Agreeing with Young Atheists

by | Jun 14, 2013 | 06 Articles, Ministry

When Larry Alex Taunton of Fixed Point Foundation explored why many American college students are atheists, the following “composite sketch” emerged:

  • They had attended church.
  • The mission and message of their churches was vague.
  • They felt their churches offered superficial answers to life’s difficult questions.
  • They expressed their respect for those ministers who took the Bible seriously.
  • Ages 14-17 were decisive.
  • The decision to embrace unbelief was often an emotional one.
  • The internet factored heavily into their conversion to atheism.

As I read Taunton’s article “Listening to Young Athesits: Lessons for a Stronger Christianity, I found myself agreeing with the young atheists. As a teenager I experienced the same journey — but with the opposite result.

While I did not grow up attending church and the internet did not yet exist, ages 14-17 were crucial for me; when I began searching, I found most churches vague, superficial, and avoiding life’s difficult questions; I respected those who took the Bible seriously; and emotions — or at least the acceptance and support of serious believers — played a part in my decision to embrace belief.

“Church became all about ceremony, handholding, and kumbaya,” Phil said with a look of disgust. “I missed my old youth pastor. He actually knew the Bible.”

Fortunately for me, unlike Phil quoted above, my high school pastor was not fired in favor of someone who would “teach less and play more”; And, in college I found a church that passionately tackled hard questions and difficult passages of Scripture.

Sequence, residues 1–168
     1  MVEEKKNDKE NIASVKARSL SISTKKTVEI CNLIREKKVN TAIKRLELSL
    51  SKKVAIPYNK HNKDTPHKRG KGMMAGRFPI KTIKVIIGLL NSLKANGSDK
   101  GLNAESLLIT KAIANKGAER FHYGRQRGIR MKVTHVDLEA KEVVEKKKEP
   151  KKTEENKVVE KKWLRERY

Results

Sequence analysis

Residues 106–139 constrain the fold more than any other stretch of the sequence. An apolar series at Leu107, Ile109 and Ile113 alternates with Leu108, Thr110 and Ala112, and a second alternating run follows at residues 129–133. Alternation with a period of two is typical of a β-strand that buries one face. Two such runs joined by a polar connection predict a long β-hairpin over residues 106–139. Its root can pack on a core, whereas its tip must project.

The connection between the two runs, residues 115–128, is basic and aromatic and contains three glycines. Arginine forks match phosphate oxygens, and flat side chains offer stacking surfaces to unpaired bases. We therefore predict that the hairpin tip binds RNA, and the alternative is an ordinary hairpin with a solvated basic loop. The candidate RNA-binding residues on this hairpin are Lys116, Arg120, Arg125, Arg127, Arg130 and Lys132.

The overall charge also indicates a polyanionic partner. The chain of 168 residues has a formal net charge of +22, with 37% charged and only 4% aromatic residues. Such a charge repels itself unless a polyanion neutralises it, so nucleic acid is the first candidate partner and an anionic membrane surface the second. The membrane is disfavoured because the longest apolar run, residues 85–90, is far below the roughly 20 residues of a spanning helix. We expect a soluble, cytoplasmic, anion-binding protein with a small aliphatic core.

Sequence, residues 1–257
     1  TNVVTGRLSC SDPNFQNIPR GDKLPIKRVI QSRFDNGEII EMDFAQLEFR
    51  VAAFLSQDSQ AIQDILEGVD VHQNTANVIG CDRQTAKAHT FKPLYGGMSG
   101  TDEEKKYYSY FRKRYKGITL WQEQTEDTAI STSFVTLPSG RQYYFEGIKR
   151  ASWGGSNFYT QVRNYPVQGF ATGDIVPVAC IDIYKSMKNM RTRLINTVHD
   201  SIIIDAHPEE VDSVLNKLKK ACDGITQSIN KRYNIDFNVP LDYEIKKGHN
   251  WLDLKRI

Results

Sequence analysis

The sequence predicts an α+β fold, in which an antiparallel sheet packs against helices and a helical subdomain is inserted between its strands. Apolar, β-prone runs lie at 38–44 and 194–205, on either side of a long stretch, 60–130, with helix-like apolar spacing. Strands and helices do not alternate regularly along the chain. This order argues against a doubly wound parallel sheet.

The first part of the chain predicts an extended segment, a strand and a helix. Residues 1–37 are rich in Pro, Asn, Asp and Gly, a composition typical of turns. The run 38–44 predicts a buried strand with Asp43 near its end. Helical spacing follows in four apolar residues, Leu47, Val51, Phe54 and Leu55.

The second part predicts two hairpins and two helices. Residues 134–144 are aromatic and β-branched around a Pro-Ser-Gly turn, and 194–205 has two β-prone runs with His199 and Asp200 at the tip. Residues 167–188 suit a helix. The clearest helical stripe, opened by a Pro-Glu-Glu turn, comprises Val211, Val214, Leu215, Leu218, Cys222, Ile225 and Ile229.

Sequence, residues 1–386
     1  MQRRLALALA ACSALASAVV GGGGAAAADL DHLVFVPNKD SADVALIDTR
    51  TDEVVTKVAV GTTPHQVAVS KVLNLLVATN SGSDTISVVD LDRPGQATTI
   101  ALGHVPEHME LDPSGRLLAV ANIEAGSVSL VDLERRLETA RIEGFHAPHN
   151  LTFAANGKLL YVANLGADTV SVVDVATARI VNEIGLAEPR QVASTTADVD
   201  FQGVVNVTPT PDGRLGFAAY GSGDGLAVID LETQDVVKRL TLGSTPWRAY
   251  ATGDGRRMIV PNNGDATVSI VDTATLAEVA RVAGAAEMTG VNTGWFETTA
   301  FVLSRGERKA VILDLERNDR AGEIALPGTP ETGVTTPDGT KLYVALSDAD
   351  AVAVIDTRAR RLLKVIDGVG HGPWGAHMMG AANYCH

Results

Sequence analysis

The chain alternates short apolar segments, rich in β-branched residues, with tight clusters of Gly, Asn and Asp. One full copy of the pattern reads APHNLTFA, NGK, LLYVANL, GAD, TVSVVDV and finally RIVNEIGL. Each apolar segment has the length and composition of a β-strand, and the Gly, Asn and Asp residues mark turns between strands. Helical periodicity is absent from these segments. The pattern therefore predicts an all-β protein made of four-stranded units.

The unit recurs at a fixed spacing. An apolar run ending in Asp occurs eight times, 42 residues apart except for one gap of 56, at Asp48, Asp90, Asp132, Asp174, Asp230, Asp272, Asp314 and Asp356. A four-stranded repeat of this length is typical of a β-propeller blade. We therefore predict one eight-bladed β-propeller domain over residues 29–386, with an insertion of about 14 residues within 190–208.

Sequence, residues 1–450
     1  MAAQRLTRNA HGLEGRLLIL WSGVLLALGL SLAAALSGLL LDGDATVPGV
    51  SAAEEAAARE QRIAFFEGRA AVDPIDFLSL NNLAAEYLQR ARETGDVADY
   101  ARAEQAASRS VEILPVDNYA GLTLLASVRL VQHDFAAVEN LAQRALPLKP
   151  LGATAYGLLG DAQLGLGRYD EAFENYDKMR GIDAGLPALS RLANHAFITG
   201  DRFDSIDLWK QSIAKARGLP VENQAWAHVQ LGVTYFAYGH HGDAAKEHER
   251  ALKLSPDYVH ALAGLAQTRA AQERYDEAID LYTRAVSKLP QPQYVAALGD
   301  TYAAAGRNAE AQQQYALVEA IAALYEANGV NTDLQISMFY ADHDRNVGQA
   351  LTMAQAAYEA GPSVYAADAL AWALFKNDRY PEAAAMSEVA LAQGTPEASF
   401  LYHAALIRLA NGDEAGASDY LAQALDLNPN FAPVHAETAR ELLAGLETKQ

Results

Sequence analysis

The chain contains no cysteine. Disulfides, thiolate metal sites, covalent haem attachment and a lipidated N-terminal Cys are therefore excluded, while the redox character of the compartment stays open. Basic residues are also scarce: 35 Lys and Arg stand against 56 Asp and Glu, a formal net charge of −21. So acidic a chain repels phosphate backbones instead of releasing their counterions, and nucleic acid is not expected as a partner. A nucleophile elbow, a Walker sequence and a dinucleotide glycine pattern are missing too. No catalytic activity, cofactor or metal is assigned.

Still, I find the same problems identified by these young atheists in many churches today. For example,

  • A large church asked if I would speak at their women’s retreat.  After listening to several of my MP3s, the Director of Women’s Ministries asked if I could “be more entertaining, tell more stories and drop all that Bible-stuff?” I declined.
  • I have an long “debate” with a pastor who is trying to persuade me that women’s ministries should not  focus on teaching the word of God, discipleship and fellowship because we are “over-taught.”  Instead, he argues, we should replace bible studies with activities like refuge outreach, soup kitchens, budgeting and parenting classes.  We continue to disagree.

My teenage spiritual journey ended in faith due to the grace of God and the willingness of other believers who took the Bible seriously to answer critical questions and to live like they believed the answers.

These young atheists have a point.  After all, if you were an atheist and most Christians you encountered rarely read the Bible and were largely ignorant of its content, what would you think?